Monday, February 20, 2012

it's natural

i am growing out my hair (again).  it's in an rather awkward stage since i refuse to trim my layers.

what?  you say it looks the same?  behold, october 2011.

it's longer, i promise.  inch by excruciatingly slow inch, it is growing.  i've made a pact with myself to take better care of it this time around, which means no peeling my split ends (gross i know, but it used to be my worst habit), not washing it more than a couple times a week (easy peasy.  my hair's really dry so i can easily go 3 or 4 days between washes.  ahem...not that i would), heat styling.

say what?

i don't know if you can see how bad my ends look, but let this be a cautionary tale.  do not mess with your split ends.  and also get a trim more than once a year.

i spent years fighting my hair, blowdrying and straightening it every day (which was a waste of time in georgia, because as soon as i stepped out of the house into the humidity it would frizz back up.)

hello, awkward high school heather with a middle part.  see how great it looks with my front cowlick?

i envied everyone who had straight hair and got up at 5 every morning to beat mine into submission. 

ah, the part has moved ever-so-slightly to the side.   

why do we do this?  it's a bit ridiculous if you think about it.  we don't like our hair, so we straighten/curl/perm/bleach/highlight/dye it.  we use makeup and artful shading to play up our cheekbones or make our noses look smaller.

eyelashes not long or thick enough? use mascara, false lashes, or get extensions.  don't like your skin?  foundation, blush, highlighter, bronzer.   eyes too small/big/close together/far apart? reshape them with eyeliner.  hate your eye color? colored contacts.

spanx for our lumps and bumps.

push-up bras.  because bigger is better.

high heels.  add instant height and have shapely legs!

pluck your eyebrows.  shave your legs.  

how did it come to this?

now, i have nothing against any of these things in particular.  i have blonde eyelashes, mascara is my best friend.  i get bored of my hair easily and would dye it a different color every week if i could.  and any bra that can make me not look like i've had two kids is a winner in my book.

embrace your natural baldness and strangely-placed long wispy hairs.

i guess i'm just questioning the underlying assumption that we need these things to look good.  the assumption that the way we look on our own, without any extra help, is not good enough.  

why shouldn't it be good enough?  that's how we were made.

i'm not trying to be all hippie-dippy crunchy granola "reject the man's image of perfection and embrace your natural goddess!"  but i have been undergoing a bit of a paradigm shift.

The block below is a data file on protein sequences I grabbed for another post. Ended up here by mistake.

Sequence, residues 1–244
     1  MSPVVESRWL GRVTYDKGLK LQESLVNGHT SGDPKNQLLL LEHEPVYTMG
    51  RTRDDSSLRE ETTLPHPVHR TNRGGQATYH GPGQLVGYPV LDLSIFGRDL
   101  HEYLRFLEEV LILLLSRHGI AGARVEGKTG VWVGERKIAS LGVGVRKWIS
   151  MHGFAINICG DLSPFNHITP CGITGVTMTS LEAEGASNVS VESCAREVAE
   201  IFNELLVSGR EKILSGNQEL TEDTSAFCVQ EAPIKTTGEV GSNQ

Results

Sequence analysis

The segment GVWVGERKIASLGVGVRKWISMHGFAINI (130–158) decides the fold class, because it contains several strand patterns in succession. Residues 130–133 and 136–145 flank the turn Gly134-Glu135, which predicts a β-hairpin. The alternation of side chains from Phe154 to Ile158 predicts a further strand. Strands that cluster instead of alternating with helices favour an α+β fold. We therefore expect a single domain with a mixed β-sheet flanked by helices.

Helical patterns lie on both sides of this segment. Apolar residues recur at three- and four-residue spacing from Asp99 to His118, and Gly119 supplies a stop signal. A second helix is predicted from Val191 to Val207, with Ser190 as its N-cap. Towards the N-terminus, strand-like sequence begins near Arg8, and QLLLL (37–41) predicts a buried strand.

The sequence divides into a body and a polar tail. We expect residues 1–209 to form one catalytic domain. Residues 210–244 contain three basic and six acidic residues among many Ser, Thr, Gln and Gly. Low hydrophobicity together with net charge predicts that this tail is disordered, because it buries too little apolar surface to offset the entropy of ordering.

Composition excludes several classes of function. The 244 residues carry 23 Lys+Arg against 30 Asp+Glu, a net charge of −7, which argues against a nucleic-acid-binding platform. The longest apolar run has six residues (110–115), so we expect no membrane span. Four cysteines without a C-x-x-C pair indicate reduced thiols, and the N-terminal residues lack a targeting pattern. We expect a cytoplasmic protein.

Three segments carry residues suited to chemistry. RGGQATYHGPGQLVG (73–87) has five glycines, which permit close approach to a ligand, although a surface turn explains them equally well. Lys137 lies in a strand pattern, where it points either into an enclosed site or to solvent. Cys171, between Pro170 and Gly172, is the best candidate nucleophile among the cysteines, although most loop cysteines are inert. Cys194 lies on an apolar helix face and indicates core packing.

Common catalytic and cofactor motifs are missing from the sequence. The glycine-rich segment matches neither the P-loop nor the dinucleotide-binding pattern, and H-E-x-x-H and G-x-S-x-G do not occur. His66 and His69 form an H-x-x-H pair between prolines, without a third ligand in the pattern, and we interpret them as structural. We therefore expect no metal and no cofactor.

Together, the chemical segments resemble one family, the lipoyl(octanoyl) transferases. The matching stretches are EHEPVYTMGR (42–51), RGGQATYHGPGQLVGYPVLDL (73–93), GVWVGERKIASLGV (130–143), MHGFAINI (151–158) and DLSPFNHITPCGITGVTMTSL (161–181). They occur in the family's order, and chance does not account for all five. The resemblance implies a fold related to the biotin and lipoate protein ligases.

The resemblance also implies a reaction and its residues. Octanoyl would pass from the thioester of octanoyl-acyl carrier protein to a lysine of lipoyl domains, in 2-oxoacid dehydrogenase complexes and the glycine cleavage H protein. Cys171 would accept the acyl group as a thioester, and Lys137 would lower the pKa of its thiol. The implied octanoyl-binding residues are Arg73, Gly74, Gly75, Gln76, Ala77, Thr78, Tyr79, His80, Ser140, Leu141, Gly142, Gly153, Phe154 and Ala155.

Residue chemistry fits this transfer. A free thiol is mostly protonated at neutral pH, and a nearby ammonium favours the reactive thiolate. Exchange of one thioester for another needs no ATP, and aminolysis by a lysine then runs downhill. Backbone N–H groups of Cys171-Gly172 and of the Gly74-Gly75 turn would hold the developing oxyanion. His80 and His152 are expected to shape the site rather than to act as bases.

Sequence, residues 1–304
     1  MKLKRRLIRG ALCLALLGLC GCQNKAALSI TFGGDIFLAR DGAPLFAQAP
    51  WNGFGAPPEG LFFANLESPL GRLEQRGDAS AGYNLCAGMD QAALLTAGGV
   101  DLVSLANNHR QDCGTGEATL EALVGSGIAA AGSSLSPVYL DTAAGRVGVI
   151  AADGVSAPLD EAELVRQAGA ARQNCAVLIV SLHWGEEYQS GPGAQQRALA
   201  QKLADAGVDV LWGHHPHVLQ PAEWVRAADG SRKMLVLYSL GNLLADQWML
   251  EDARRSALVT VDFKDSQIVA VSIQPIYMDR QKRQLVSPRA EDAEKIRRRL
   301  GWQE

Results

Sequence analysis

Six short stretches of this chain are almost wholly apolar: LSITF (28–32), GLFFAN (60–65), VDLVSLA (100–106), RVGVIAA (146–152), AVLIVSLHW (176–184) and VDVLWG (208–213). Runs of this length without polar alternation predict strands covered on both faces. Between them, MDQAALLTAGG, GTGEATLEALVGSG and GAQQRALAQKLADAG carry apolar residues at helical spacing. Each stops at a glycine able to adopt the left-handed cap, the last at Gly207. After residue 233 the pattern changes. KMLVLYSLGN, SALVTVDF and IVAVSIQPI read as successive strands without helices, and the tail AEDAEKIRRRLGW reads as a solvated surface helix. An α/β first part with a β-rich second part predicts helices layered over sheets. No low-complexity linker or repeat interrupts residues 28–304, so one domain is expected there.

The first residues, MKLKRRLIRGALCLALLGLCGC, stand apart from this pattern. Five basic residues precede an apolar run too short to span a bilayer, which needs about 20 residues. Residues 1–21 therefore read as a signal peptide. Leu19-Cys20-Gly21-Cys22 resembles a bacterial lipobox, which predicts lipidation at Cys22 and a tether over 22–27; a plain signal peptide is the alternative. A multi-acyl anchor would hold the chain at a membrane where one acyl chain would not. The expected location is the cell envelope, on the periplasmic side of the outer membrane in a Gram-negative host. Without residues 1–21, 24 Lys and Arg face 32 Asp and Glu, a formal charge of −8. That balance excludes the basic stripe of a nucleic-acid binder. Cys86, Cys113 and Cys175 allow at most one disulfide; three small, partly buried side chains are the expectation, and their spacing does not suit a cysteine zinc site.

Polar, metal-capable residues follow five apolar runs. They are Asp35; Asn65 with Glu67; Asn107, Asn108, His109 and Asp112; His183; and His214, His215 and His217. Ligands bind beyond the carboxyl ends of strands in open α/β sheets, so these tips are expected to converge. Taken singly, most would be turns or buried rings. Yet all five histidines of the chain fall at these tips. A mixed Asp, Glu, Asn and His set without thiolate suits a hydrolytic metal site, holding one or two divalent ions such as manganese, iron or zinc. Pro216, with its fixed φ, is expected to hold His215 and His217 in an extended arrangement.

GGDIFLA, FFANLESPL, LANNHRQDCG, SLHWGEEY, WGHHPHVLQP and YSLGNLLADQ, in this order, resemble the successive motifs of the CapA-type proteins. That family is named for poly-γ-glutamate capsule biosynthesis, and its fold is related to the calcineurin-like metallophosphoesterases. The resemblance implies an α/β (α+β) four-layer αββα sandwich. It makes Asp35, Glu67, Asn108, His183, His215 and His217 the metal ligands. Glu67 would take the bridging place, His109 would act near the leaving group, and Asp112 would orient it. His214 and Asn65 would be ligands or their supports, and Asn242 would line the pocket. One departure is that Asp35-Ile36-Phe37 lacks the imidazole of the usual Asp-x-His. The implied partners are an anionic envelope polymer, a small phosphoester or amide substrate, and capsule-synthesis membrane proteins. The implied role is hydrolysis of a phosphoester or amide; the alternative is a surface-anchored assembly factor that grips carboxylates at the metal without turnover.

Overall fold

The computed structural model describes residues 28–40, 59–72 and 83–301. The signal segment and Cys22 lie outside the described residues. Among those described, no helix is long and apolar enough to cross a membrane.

i spent years hating (truly loathing) my body, and it's taken me years to slowly come to terms with the fact that i might be okay...just the way i am.  for the first time i'm not yearning to look like someone else.  so what if i have stretch marks and a little extra tummy?  so what if my natural hair is less "sexy beach wave" and more "i drove here with the windows down"?  so what if i don't have a year-round all-over golden glow?  so what if my teeth are not quite white and i wear a retainer?  just because you're different (from the perceived "standard of beauty") doesn't mean you're wrong.

i heard a talk several years ago that gave me pause.  our bodies are gifts from God.  when we abuse them, whether verbally, physically, or emotionally, isn't that offensive to him? 

“For what doth it profit a man if a gift is bestowed upon him, and he receive not the gift?” (D&C 88:33)

president faust has said that ingratitude is a form of pride.  when we are engaged in a constant cycle of self-loathing and body-hating, we're not being humble--we're being prideful.  i'd never thought of it like that before.  

when i realized that i was being self-absorbed and not appreciating the beautiful gift of a working body that i had been given, my attitude began to change.  it's been a slow road, but i think my perspective is gradually becoming a little clearer.  (i also think that not being a teenager helps.)  ;)

it's funny, something about having children really improved my self-image.  maybe it's because i'm not so focused on myself anymore.  

and maybe it's because an ambulance of firemen saw me naked and screaming when i was giving birth to tesla.

but my self-acceptance level is miles above what it was when i was in high school, even though i was thinner and stretch mark-free.  i've made peace with my body, and it feels amazing.


by the way, if you haven't seen enough pictures of me, here's a real blast from the past.  behold yet again, young heather, in all her awkward, gangly, pre-teen glory.  (i'm the one on the right.)


  1. You are hilarious. Point blank and hands down. Stop READING for heavens sakes and WRITE me a book! I would give to read ANYTHING with your fresh voice and humor in it! I mean it. (And I could use a fresh voice and some humor here. All I hear all day is "da-dee?" and "Did you know guts look like this?")

  2. sarah--thank you so much! what a confidence booster. and i can definitely relate...all i hear all day is "Ere's Daddy? E's a skoo!" (where's daddy? he's at school! repeated x100) and "do you want to see what [insert disease here] looks like?")

    robin--looking forward to it!

    mom--thanks. when are you going to start a blog? :)

  3. Amazing post! Man I miss you guys. Too bad we have super busy husbands. Our boys would be best friends I just know it.

  4. agreed. they'd be excellent little troublemakers together.